As a hand-waving explanation, the loss of energy from the photons alters the metric of space-time (if our test Universe contained only matter the metric and hence expansion rate would be different). Now, since acceleration in GR derives through derivatives of the metric then the metric is somewhat analogous to the Newtonian potential. Therefore this is a relativistic version of exchanging energy, just as a pendulum constantly converts between kinetic and potential energy. Now, the above is merely an analogy and is probably problematic on some level but I hope it helps in some way.

    Vacuum energy works in a similar way except in that case the energy of the Universe increases with expansion, but the effect is the same in that there are physical laws including conservation laws applying, they just aren't (unsurprisingly really) the friendly neighborhood Newtonian laws we are more familiar with.
    Last edited: Aug 8, 2007
  4. Aug 8, 2007 #3
    What do we mean by "Is the universe losing energy"?

    This actually makes sense. I already know that the laws of conservation of energy, and conservation of momentum, are not ultimate laws. Rather, even in special relativity they combine into one law, conservation of the energy-momentum 4-vector (e.g. Taylor and Wheeler's Spacetime Physics.) So I am not surprised to hear that in general relativity a further generalization must be made.

    I tried to read http://www.math.ucr.edu/home/baez/physics/Relativity/GR/energy_gr.html, "Is Energy Conserved in General Relativity?" by Weiss and Baez, which helped, but your analogies helped further.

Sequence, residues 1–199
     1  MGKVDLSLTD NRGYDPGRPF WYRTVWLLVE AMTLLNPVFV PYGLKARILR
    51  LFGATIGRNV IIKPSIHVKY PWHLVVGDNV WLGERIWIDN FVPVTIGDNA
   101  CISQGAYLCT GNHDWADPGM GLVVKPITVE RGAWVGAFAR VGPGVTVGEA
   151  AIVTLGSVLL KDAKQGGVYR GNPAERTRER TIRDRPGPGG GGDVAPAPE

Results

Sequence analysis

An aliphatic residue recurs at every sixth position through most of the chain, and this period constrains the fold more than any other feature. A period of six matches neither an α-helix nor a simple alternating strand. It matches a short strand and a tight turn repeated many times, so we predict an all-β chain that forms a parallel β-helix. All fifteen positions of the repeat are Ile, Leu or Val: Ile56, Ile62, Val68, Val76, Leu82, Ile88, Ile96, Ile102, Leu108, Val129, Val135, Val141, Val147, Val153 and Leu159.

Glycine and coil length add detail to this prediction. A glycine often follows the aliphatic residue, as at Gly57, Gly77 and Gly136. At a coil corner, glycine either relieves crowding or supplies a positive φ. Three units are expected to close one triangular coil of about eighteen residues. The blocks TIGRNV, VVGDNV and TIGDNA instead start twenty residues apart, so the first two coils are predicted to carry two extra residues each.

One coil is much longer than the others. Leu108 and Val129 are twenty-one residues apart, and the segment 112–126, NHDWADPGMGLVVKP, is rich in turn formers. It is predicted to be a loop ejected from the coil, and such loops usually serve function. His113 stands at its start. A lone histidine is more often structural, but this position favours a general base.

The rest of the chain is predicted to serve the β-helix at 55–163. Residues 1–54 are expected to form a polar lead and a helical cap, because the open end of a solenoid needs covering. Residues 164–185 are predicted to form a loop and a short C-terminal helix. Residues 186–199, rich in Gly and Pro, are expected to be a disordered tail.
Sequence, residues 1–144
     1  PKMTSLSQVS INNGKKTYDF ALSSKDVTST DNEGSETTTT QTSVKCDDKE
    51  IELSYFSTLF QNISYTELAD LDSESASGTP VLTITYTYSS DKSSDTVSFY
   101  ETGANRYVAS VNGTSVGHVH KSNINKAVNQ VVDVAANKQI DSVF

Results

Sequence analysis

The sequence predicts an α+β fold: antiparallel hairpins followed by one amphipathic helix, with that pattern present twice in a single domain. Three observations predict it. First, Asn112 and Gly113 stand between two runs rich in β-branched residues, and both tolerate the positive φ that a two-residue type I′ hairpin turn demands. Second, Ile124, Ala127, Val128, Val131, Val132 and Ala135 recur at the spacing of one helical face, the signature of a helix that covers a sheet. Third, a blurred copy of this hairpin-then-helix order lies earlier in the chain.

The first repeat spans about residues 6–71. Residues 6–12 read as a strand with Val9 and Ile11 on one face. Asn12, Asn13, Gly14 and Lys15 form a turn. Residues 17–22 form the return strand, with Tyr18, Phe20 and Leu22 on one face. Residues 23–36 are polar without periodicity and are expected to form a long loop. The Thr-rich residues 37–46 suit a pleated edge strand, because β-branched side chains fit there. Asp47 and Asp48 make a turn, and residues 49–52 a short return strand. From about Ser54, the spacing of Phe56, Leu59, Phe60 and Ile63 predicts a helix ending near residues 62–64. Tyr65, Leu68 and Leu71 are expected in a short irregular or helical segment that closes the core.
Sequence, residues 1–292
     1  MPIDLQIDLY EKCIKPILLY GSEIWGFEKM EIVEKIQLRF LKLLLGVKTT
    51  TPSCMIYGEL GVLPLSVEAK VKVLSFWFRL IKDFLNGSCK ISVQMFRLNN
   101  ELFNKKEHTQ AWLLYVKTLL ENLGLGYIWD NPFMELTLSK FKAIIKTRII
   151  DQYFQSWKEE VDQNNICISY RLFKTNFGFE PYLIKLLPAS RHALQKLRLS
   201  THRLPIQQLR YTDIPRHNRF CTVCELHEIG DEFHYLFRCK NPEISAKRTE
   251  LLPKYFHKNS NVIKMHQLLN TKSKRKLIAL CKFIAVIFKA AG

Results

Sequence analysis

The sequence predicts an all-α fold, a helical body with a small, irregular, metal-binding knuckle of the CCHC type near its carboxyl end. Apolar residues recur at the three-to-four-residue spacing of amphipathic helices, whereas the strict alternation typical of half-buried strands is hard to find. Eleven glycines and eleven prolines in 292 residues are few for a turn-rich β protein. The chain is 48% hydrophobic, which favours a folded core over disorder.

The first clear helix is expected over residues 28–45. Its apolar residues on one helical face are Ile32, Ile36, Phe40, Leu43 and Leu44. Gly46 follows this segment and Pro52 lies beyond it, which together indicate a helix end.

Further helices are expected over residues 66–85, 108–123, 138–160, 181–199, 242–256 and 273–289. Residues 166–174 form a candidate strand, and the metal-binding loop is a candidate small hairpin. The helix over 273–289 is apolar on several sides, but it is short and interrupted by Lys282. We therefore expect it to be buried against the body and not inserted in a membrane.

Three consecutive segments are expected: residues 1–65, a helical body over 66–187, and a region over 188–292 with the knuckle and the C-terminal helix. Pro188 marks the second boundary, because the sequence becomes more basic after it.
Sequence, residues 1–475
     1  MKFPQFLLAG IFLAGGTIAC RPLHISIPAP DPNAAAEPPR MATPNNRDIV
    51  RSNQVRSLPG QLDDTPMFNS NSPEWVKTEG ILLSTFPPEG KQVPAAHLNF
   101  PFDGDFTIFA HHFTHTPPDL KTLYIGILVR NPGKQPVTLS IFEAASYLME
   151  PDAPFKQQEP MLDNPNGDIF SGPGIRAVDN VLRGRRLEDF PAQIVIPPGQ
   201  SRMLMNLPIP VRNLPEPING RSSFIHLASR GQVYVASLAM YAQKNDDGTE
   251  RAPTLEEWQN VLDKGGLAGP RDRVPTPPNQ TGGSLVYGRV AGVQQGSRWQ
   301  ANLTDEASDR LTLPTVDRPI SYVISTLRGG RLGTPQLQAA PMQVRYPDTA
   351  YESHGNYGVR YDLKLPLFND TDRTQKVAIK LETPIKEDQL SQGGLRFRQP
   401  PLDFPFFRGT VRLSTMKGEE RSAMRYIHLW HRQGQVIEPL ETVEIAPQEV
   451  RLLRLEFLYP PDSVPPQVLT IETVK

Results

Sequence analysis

Well, thanks a lot, spoilsport. There goes my last possible excuse for not paying my electric bill this month. :smile:

    It certainly is good enough for me.

    I do wonder, though, if detailed analyses of this phenomenon is consistent. Is there a good review paper on this subject? If not, then it might be time to prompt someone to start work on one. I have this nagging feeling that some papers might be comparing apples and oranges, and need a new "Root of all evil" paper to expose any inconsistent terminology.

    Great. BTW, do you (or anyone reading this discussion) know of any papers that attempt to discuss both issues? Marcus is the only person I know brave enough to have done this (here on physicsforums), and I find it hard to believe that no connection exists.

    That digression aside, thanks much for taking the time explain this.

  5. Aug 9, 2007 #4


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  6. Aug 9, 2007 #5


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    The 'Root of All Evil' assumes facts not in evidence. There is no observational evidence contradicting the laws of thermodynamics. As Wallace noted, the 'global' energy content of the universe is always preserved. Photons become 'diluted' as space expands.
  7. Aug 9, 2007 #6


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    I didn't notice. Could you please quote the unjustified assumptions you found in the paper?

    Please clarify. Where did Wallace say the global energy content of the universe is preserved? Could you please quote?

    Also what do you mean by photons, for instance CMB photons, becoming diluted. The individual photon could lose energy as lengths expand, or there could be fewer per unit volume, as volumes expand, or both. Which meaning or meanings did you have in mind?
  8. Aug 9, 2007 #7


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    Photons become diluted, as in there number density drops with the inverse cube of the scale factor (or more simply with the inverse of the increase in volume) but in addition each photon losses energy via redshift, so the total energy of the Universe does change, the point is that there is nothing in that fact which is a problem for thermodynamics or anything else.